A collaborative team of researchers from the Danish Technical University and CAnMove at Lund University, led by Dr. Christian Skov, recently investigated this question in a species of partially migratory freshwater fish, the common bream (reported in Proc. R. Soc. B.). Common bream stay in lake habitats over the summer and part of the population migration into streams over the winter. In the lakes during the summer the risk of predation is high, but the rewards are also high (high food availablity). During the winter predation risk decreases as predators become less active and eat less, but food availability also decreases, reducing the benefit of staying in the lake. If the risk/reward ratio for residency in the lake differs over the winter between individuals (when the rewards for staying are relatively low), this may lead to partial migration. One way in which individuals differ that would affect this risk/reward ratio is in their vulnerability to predation. Hence, all else being equal, one would predict that fish that are more susceptible to predators would be more likely to migrate, and that differences in vulnerability between individuals might explain why some migrate and some stay resident.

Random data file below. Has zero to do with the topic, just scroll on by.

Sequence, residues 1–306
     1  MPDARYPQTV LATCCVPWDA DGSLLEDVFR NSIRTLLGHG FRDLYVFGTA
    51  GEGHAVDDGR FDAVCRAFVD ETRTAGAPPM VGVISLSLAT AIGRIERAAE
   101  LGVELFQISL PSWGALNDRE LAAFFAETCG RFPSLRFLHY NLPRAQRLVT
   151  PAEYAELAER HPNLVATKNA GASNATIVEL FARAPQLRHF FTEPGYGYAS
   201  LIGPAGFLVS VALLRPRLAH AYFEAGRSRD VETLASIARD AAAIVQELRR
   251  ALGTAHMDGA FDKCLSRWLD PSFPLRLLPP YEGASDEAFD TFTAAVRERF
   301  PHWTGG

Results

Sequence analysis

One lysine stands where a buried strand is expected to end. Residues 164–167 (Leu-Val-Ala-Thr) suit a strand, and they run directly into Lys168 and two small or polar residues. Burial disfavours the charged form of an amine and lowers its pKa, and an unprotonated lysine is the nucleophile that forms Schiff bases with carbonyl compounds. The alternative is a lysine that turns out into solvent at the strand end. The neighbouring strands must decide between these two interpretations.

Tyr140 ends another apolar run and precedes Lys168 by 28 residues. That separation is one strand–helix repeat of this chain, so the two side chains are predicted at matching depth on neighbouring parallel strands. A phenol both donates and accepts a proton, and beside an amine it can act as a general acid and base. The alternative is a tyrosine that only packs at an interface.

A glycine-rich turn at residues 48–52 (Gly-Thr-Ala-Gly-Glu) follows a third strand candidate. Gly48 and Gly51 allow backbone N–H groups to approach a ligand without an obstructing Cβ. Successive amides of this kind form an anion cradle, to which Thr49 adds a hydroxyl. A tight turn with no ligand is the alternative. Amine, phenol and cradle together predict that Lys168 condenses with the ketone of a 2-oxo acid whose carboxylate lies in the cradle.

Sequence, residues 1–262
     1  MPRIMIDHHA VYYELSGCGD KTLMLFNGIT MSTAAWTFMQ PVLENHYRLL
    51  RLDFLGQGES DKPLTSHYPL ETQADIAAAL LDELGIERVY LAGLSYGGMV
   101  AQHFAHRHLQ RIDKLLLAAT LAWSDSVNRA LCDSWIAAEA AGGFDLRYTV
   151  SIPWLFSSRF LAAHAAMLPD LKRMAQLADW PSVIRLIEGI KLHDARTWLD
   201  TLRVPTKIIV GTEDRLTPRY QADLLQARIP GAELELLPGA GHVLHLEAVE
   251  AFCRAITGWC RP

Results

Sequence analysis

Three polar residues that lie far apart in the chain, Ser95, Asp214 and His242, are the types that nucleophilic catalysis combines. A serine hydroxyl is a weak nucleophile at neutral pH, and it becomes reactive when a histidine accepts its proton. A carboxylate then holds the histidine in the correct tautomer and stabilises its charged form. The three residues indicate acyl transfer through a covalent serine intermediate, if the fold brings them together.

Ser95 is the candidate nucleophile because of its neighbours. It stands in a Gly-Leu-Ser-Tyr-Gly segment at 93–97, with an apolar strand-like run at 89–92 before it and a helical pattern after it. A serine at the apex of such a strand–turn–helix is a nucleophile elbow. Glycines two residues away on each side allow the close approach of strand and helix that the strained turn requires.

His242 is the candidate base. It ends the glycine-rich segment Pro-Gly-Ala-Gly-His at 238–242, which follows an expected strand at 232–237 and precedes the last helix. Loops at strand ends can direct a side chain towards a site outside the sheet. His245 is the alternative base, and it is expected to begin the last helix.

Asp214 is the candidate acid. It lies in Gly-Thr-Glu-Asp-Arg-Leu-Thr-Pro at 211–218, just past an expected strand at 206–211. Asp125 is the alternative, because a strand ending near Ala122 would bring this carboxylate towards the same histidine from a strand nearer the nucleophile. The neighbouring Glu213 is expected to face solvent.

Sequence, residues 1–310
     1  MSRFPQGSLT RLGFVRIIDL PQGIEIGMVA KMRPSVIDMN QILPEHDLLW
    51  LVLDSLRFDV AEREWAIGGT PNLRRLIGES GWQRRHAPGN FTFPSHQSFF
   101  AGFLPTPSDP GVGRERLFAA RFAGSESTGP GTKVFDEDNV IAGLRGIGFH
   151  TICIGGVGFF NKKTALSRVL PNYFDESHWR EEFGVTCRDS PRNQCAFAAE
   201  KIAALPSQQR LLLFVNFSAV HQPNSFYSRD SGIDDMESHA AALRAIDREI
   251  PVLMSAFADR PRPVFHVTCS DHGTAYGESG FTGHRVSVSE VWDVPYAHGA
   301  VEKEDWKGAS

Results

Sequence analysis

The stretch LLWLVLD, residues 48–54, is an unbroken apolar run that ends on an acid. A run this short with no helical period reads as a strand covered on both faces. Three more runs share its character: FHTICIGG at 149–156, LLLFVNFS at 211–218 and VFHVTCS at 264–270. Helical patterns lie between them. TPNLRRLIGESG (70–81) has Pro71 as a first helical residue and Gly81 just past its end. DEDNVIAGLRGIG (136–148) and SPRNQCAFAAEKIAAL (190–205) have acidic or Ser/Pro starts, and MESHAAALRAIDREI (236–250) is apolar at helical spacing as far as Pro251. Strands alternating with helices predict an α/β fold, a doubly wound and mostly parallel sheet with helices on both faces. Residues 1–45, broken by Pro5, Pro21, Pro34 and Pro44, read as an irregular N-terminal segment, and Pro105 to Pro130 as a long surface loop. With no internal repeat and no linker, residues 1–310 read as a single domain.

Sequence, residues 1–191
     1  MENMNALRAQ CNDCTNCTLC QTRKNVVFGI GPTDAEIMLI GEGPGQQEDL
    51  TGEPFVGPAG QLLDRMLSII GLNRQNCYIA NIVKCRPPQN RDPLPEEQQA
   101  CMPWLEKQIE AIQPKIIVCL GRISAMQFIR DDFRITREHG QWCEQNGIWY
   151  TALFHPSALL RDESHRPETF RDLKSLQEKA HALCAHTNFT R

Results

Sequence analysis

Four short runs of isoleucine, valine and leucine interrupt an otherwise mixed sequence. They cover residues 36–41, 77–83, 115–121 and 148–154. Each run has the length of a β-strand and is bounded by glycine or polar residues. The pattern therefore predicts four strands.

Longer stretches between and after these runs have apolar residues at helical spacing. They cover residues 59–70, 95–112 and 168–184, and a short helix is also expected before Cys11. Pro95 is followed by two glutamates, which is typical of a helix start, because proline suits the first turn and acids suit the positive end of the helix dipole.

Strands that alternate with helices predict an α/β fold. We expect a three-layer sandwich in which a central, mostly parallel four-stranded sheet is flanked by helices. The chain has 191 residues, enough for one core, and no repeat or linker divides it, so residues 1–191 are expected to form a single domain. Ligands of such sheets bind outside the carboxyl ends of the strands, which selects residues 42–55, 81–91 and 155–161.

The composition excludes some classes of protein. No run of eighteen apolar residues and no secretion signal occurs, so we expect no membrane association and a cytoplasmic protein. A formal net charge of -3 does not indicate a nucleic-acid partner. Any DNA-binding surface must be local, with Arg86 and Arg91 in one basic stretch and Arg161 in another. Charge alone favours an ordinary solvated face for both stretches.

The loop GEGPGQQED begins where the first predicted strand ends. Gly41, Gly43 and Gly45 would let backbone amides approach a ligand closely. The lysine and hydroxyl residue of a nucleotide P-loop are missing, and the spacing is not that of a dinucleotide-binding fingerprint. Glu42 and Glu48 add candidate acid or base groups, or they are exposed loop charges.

To test this prediction Christian Skov and his team were able to assign >450 individual bream from 2 lakes in Denmark with a 'predation vulnerability' score, which they calculated by sampling large numbers of piscivorous predators (pike) from each lake. The vulnerability score was calculated by estimating what proportion of predatory pike in a lake could eat each specific bream (as pike are gape limited predators). The bream were individually tagged and released and their migratory behaviour monitored over the winter. As predicted, fish with a high vulnerability score showed a much stronger propensity to migrate, migrated earlier and stayed for longer in the streams. This research is important as it suggests a powerful role for predation in shaping patterns of migration.
So it seems for bream the question of 'should I stay or should I go?' depends upon an individual's vulnerability to predation. For smaller, more vulnerable fish, if they go there will be trouble (after all migration is a costly and risky business), but if they stay there may be double...
Read the full article here: http://rspb.royalsocietypublishing.org/content/early/2010/10/26/rspb.2010.2035.full
Here is the full reference:
Skov C, Baktoft H, Brodersen J, Bronmark C, Chapman BB, Hanson L-A, Nilsson PA. 2010. Sizing up your enemy: Individual predation vulnerability predicts migratory probability. Proc. R. Soc. B. (in press)
måndag 1 november 2010
Bird populations are doing gradually better the further away they are from the hottest part of their distribution range, or...
... Success in the north, trouble in the south